“The concern is always there. My father tells me not to worry if I am unable to crack the exam,” says Vandana Bharti, a native of Saharsa, Bihar, a Class 12 student at a school in Kota. She is also preparing for the NEET.

Prabhat Kumar has reached Kota from Muzaffarpur in Bihar. He says his son wanted to come to Kota immediately after Class 10 examinations to prepare for IIT-JEE. “But I told him to wait for two years. One reason was the reports of depression and suicides that emanate from here,” says Kumar, an advocate at Muzaffarpur civil court.

Kumar adds that he would have been fine with his son pursuing a graduation degree and that his son was free to come back home anytime he felt he was unable to handle the pressure.

Antaryami Kaushik, a resident of Sri Ganganagar is in Kota to get his 16-year-old son admitted to a coaching institute. Kaushik says his wife will stay with their son as he prepares for IIT-JEE. “The son of a close friend is also staying here with my son. My wife and my friend’s wife will alternately come and stay here with the children,” says Kaushik, a teacher in a government college.

Celebrations at a coaching institute after one of its student was declared the topper of JEE MAINS 2017. (AH Zaidi/HT Photo)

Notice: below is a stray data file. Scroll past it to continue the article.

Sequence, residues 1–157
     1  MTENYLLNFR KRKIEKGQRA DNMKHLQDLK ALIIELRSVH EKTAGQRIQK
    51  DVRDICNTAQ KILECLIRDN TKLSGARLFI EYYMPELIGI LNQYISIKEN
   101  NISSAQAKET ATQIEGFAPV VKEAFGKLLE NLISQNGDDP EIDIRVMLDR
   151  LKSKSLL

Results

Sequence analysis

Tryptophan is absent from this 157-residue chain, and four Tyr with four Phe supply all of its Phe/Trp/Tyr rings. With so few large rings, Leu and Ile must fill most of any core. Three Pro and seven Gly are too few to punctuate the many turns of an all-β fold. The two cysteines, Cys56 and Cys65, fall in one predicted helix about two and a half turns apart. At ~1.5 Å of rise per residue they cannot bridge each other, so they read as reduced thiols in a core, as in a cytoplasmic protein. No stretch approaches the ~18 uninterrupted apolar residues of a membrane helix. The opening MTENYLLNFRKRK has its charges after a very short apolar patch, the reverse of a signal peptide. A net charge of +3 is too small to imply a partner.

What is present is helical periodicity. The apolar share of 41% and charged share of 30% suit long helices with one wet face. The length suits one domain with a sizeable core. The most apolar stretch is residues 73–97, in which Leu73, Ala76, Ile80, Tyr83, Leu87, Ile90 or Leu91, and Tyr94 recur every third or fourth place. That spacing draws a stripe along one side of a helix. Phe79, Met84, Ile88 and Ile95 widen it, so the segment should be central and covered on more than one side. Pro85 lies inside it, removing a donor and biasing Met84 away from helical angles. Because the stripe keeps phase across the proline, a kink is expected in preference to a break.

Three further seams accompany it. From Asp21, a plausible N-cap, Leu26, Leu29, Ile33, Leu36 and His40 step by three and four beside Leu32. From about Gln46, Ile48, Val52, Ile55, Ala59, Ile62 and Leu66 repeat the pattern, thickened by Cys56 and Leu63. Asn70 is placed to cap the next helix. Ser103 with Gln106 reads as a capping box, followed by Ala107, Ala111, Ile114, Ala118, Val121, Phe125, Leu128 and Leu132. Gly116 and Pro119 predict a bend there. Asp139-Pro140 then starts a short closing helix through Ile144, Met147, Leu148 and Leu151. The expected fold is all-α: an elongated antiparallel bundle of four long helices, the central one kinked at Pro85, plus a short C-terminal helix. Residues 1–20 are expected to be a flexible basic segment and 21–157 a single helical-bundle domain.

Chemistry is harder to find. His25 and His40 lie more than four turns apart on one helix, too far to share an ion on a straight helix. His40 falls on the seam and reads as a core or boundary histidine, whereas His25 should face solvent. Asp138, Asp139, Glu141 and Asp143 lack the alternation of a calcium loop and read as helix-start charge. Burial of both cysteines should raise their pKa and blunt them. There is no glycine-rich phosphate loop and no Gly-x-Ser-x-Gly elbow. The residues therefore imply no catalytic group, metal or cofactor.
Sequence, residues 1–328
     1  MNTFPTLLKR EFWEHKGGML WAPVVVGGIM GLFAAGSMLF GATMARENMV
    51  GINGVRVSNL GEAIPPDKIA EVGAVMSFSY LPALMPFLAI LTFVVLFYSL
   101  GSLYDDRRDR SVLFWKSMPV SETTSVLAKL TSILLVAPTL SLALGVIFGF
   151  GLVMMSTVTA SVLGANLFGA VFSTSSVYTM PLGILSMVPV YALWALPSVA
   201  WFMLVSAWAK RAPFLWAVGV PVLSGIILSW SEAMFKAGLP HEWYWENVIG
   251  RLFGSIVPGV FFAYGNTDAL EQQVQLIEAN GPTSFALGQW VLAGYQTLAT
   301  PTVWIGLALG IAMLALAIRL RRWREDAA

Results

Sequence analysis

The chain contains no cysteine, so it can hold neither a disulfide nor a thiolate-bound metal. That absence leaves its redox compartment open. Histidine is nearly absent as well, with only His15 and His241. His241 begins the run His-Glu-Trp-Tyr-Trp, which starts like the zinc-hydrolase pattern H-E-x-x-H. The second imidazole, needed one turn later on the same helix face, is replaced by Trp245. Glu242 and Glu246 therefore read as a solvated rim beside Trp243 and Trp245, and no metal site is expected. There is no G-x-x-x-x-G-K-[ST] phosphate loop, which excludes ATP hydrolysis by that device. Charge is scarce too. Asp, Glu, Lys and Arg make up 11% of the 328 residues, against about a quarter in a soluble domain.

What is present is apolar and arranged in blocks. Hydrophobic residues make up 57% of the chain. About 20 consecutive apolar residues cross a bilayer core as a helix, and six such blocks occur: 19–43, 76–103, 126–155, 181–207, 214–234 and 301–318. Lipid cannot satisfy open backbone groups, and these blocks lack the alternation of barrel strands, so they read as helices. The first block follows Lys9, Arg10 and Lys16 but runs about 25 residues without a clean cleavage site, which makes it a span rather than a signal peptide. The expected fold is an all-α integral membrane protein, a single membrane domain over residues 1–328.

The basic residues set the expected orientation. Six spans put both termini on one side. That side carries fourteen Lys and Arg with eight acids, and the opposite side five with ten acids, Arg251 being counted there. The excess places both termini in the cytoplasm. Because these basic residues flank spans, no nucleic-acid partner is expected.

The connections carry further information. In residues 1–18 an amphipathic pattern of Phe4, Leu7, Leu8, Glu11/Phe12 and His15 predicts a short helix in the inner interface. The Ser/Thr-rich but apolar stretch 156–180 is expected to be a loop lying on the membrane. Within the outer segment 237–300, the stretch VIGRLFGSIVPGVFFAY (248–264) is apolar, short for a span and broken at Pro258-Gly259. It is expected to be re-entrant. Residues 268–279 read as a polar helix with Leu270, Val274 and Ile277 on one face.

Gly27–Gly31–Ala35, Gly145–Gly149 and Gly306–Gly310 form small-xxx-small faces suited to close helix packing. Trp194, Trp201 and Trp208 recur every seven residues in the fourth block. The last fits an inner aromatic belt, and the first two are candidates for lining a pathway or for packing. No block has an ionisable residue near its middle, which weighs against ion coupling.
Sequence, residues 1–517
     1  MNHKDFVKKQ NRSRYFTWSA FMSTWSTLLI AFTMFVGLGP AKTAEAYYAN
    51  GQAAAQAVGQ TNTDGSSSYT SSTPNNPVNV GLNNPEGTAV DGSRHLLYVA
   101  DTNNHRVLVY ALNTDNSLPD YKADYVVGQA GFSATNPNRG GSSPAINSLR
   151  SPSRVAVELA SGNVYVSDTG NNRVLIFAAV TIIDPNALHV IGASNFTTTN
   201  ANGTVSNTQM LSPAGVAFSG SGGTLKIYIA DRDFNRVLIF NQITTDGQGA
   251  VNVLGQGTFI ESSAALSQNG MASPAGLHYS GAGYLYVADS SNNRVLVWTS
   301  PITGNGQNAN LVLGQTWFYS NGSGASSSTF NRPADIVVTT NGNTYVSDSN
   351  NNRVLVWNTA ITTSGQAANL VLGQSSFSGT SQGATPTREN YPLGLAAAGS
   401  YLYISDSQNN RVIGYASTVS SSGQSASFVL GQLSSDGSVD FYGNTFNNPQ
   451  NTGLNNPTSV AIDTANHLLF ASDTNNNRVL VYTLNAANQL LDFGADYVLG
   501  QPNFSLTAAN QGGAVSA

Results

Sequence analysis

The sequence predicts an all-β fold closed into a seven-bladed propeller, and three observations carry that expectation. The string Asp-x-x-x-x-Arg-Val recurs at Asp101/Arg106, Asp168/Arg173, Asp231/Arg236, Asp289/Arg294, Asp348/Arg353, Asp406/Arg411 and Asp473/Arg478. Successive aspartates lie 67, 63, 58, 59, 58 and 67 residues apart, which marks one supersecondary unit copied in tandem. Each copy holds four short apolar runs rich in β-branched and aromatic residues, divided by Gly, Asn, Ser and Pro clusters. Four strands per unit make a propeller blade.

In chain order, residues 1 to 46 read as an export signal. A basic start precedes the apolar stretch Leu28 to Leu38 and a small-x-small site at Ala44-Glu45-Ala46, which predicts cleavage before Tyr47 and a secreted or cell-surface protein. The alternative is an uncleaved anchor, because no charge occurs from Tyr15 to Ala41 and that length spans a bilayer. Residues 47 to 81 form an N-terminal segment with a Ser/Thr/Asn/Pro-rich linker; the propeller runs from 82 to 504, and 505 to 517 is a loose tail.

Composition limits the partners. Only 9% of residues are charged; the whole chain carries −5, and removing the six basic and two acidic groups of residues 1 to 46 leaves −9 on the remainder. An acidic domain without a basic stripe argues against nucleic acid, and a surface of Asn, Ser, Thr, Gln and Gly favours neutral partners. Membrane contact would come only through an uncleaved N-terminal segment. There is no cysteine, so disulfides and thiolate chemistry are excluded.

Kaushik adds that the main reason he wants his wife to stay with the children is the disquiet caused by the reports of suicides.

Life moves on
While the fears do encroach upon the hearts and minds of parents, it has not deterred them from sending their children to Kota. Incidentally, none of the students HT talked to said that they were forced into the competition by their parents.

Kota has six to eight major coaching institutes, apart from some 35 minor ones, according to district administration.

“The coaching industry in Kota has grown consistently in the past decade, both in terms of enrolment as well as the number of coaching institutes. Many a times, a group of teachers defect from a major institute and establish their own setup, so the number keeps growing,” says Rajeev Jain, professor of management studies at University of Kota.

Allen Career Institute, the biggest player in the coaching industry, has 79,000 enrolled students. The number was 60,000 three years ago.

Another major institute, Resonance has some 25,000 students at its Kota centres. The institute too has registered a growth of few thousand in the past three years, an official from the institute said.

As the evening approaches and the temperatures dip, more uniformed students appear on the streets. Some hang around food joints, some go about talking on their cellphones -- one goes around fidgeting with a Rubik’s cube – while a giant TV screen plays promotional videos with bytes of former toppers vouching for the coaching institutes.

The coaching industry of India’s coaching capital marches on with its usual ruthlessness